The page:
#1
Or improvisations. And it's pissing me off. I had a gig with my band yesterday and I realized then and there watching lots of guitarists have been playing for less time than me, for all my knowlege and ability, my improvisations and solos are pretty weak.

I think I need some reference material and work at this from the ground up. Can anyone recommend me some great solos (not too complex) with great feeling that I can go off and learn?

Also any advice would be brilliant..
#2
Well, what do you consider a "good solo" and why do you think the other guitarists were "better".

Were they just more technically proficient? Or did they have perfect timing? Or something else?
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#3
Try some blues. Tis' the music of emotion IMO. Gilmour also put a lot of feeling into his solos. If you want something more modern, take a look at Steve Vai, albeit he's instrumental, so your going to need to figure out what is and what isn't a solo you can improv. Jeff Beck is also good, but again, instrumental. If I had to recommend one guitarist to study here though, it's a tie IMO between SRV and Slowhand. Your call there.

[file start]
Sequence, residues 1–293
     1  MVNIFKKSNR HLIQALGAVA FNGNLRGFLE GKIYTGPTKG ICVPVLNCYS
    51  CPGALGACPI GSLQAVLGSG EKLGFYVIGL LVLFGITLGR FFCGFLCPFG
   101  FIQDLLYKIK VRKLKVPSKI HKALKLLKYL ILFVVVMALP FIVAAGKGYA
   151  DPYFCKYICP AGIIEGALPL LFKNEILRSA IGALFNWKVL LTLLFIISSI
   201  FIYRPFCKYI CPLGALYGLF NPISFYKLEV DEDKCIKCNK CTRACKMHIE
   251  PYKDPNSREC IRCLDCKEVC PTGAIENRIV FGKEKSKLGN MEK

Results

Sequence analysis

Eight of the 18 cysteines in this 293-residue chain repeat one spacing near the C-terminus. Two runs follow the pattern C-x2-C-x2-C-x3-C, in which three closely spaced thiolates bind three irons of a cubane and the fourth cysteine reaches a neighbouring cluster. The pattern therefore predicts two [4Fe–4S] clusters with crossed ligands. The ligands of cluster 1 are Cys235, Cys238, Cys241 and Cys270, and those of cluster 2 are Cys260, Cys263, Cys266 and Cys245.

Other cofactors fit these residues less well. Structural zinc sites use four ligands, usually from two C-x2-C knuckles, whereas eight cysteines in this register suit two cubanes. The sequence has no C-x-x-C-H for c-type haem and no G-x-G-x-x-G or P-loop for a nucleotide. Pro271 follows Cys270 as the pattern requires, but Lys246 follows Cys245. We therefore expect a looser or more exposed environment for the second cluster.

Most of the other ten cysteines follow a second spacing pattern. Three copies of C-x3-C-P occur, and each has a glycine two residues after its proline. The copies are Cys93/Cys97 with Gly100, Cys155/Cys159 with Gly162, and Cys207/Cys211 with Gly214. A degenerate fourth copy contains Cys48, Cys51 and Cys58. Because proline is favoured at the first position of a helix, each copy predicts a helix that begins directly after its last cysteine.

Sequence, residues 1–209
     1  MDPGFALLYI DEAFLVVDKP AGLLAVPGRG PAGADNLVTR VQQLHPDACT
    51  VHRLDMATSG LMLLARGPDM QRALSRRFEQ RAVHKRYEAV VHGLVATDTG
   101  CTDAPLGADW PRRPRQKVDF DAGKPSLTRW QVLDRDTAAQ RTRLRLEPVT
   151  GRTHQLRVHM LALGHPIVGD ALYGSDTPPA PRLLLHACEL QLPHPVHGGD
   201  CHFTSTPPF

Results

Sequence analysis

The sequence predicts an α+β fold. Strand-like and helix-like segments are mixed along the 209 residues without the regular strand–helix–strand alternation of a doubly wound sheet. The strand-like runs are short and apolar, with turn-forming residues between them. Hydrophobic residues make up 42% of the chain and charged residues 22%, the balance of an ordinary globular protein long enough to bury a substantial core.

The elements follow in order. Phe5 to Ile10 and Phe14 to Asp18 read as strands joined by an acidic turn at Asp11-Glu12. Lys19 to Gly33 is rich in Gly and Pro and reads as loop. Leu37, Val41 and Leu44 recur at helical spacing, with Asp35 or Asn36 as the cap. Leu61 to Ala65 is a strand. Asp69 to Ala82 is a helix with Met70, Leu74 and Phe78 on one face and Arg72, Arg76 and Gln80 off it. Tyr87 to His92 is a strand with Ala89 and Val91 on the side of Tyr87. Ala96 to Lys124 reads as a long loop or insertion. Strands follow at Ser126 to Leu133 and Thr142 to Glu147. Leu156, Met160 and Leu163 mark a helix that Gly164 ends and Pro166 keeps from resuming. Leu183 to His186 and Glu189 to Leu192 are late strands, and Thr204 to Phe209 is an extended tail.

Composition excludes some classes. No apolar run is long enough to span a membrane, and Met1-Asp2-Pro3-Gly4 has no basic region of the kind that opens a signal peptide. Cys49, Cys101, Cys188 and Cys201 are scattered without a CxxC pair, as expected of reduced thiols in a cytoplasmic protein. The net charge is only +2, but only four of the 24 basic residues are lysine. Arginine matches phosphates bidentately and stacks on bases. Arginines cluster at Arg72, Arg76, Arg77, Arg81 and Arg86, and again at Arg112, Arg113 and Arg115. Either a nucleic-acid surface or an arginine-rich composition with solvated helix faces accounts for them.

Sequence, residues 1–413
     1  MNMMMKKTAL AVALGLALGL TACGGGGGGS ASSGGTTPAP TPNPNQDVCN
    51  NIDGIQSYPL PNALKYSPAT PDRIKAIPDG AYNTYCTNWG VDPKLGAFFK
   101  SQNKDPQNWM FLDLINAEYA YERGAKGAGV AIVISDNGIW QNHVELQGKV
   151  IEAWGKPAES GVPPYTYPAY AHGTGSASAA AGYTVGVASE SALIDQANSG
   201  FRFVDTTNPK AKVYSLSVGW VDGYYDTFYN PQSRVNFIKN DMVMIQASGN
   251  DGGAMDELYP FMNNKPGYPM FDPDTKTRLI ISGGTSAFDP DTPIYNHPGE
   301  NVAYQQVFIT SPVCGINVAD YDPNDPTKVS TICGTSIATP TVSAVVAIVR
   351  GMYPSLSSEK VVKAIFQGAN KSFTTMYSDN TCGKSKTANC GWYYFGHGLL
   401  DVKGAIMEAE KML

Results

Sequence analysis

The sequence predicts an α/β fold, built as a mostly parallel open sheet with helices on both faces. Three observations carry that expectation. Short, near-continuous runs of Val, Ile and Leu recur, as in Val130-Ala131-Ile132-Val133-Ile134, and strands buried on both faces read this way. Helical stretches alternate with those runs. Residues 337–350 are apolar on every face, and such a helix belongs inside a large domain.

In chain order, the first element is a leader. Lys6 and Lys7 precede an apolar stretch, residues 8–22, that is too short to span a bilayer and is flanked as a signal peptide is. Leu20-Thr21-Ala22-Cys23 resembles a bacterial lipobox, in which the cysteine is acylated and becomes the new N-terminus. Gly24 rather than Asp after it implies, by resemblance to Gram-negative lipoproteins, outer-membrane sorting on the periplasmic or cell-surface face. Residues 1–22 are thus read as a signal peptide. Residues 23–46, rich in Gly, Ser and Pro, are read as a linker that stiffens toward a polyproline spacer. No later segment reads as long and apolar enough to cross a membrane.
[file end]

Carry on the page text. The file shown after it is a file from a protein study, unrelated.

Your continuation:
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#4
duncan coffe jingle by metaloclypse ( jokes ) id say the first harmonic solo of mop.
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#5
November Rain.
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#7
How well do you know music theory? Learning which scales to play over which chords really helps open you up to multiple ideas. Learning technique based things give you chops to play with the scales. In the end it's all about note selection, phrasing, and more of both

Improvisation is using both chops, theory, and of course creativity to write some good solos.

For good chops, look at blues or blues based guys, SRV, Santana, Hendrix, Hammett, Satriani. More modal players would be holdworth, al de meola, petrucci, and just about all of the other shred/metal players out there.
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#8
I'm not sure if you actually need to learn more solos - you can't "learn" feeling. Sounds like your problem is twofold. You're probably not really listening to what you play, and probably not thinking enough about the sound you're producing. Instead you're more likely just going through familiar motions and following shapes you know as opposed to actually playing music. Listen to what you're playing, listen to what you're playing along to and make a conscious effort to think "What note will work here and how will it fit with the one I just played". Improving your theory knowledge will probably help too as it gives you a head start in knowing what notes work together but ultimately it's all about the ears.